The puzzles are relatively simple and often obvious, which means that you have the feeling that boss battles have a remarkable difficulty spike and required me numerous attempts to outcome most of them. The fact that the controls were somewhat confusing, which made me do multiple mistakes also did not help. In sections where we have time to think there was no big problem other than the frequent annoyance of picking up the friend rather than picking up an item or picking the wrong character, but during quick sequences a mistake ruins everything and in those times it becomes frequent.
    There are lots of collectibles and hidden areas that reward both exploration and the repetition of some of the areas when we gain access to new characters. Defeating enemies in a certain way also gives you access to new items.

    In a nutshell the game is this. A lovely world with characters with whom we can easily create a relationship. Graphically it managed to impress me by the way they included so many detail in the pixel art. A very engaging story. A game and also an experience that I highly recommend. Now available on all platforms, if you have the opportunity to play it do not discard this game.
  4. Apr 27, 2017
    A nice platformer with fun flying mechanics. The graphics looks nice and the sound is also good. But I had the feeling that the story couldA nice platformer with fun flying mechanics. The graphics looks nice and the sound is also good. But I had the feeling that the story could have been deeper and more characters could have been further developed throughout the game. Other than that, I recommend this title. Expand
  5. Dec 15, 2017
    The art is beautiful, but you may find it boring if you're used to playing action loaded games. The gameplay is a bit lacking, it's not hard,The art is beautiful, but you may find it boring if you're used to playing action loaded games. The gameplay is a bit lacking, it's not hard, not interesting, neither is it new. it feels like it's just there to have something to do while looking at the beautiful graphics and enjoying the music. Expand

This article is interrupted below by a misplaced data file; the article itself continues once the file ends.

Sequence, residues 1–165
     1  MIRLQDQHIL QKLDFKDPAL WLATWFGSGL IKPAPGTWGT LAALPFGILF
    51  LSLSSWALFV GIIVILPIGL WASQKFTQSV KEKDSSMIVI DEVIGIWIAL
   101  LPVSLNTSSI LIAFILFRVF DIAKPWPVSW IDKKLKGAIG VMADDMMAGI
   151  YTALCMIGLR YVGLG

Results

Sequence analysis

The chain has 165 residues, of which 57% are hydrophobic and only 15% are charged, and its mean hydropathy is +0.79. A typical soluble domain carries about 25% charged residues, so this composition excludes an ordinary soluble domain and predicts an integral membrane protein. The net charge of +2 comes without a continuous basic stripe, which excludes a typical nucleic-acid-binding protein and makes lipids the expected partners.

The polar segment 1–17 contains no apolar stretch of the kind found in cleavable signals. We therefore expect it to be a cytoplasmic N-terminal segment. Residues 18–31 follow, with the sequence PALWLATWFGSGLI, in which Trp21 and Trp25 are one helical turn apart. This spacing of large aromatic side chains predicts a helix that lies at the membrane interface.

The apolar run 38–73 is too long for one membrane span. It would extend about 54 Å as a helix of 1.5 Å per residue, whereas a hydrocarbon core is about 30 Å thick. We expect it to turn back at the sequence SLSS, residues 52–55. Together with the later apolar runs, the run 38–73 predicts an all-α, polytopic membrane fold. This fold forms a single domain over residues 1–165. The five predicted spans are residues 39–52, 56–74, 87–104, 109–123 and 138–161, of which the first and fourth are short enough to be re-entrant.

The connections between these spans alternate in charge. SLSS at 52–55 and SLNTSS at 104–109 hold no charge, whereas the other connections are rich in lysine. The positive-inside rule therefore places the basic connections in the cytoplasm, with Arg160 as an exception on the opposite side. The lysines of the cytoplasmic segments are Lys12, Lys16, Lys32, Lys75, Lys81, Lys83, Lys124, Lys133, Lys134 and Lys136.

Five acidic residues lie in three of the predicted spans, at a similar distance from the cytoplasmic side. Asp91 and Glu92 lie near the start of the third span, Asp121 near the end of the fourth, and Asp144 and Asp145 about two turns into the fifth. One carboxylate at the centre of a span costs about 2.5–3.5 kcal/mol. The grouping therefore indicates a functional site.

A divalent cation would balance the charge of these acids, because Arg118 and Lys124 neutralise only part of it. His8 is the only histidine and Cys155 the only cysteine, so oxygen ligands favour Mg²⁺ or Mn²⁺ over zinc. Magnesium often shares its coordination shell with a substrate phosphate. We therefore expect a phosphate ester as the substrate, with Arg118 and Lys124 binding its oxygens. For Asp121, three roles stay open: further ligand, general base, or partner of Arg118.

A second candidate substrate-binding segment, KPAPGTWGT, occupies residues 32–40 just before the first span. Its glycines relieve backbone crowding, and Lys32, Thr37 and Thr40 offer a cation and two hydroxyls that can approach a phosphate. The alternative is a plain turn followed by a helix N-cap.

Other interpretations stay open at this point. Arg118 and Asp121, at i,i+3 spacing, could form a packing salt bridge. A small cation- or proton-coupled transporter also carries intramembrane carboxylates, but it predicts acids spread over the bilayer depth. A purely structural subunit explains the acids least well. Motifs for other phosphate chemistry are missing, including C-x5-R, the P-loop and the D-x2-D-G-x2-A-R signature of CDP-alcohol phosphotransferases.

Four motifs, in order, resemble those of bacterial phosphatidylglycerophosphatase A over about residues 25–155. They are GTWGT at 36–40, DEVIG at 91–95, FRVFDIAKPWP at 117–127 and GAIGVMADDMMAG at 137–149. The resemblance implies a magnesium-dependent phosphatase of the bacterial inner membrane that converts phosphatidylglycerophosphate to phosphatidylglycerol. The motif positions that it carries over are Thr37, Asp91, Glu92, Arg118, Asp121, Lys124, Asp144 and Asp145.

6. Nov 12, 2016
    This review contains spoilers, click expand to view. Alright, I just beat Owlboy after 7 hours of play (too much of which was cutscenes for my taste). I did not 100% it, though I did do some of the extra content.. It was alright, but highly disappointing. Wait for a sale.

    George Weidman (Super Bunnyhop on Youtube) described this game best: "I love you, but sometimes you're a piece of ****


    I believe the game at on point exited to desktop suddenly without warning. However, I can't replicate this. What I'm certain it did was minimize itself at points without warning, despite me only using a 360 controller. This happened a couple of times, and may have something to do with using a second monitor.

    There were a couple of framerate hiccups that frankly shouldn't have been there considering the style of game, but it wasn't anything harmful to the experience.

    You have some options for graphical settings, though not many. Understandable for the style of game.


    Lots of wonderful, stunning pixel art that I appreciate thoroughly. Animations are also nice, though there are unfortunately not many of them to see. Characters can emote, and Otus is a precious cinnamon bun, but after the 50th time he gets spooked or looks dead-eyed you kinda wish there were more things they could do. However, what's there is very nice.

    Menus worked alright, UI was fairly minimal and unintrusive. You have options to change parts of the UI, which is appreciated.

    There was a surprising amount of the screen going a single colour (white or red) due to shooting an enemy or something, and I found that pretty jarring.


    This is where Owlboy just tanked for me. The first couple of hours were enjoyable, even if largely scripted. The ability to fly is nice, though it ultimately may have done the game more harm than good. In Owlboy you can fly indefinitely without consequence, which must have posed many problems for level designers trying to make a challenging 2D "platformer".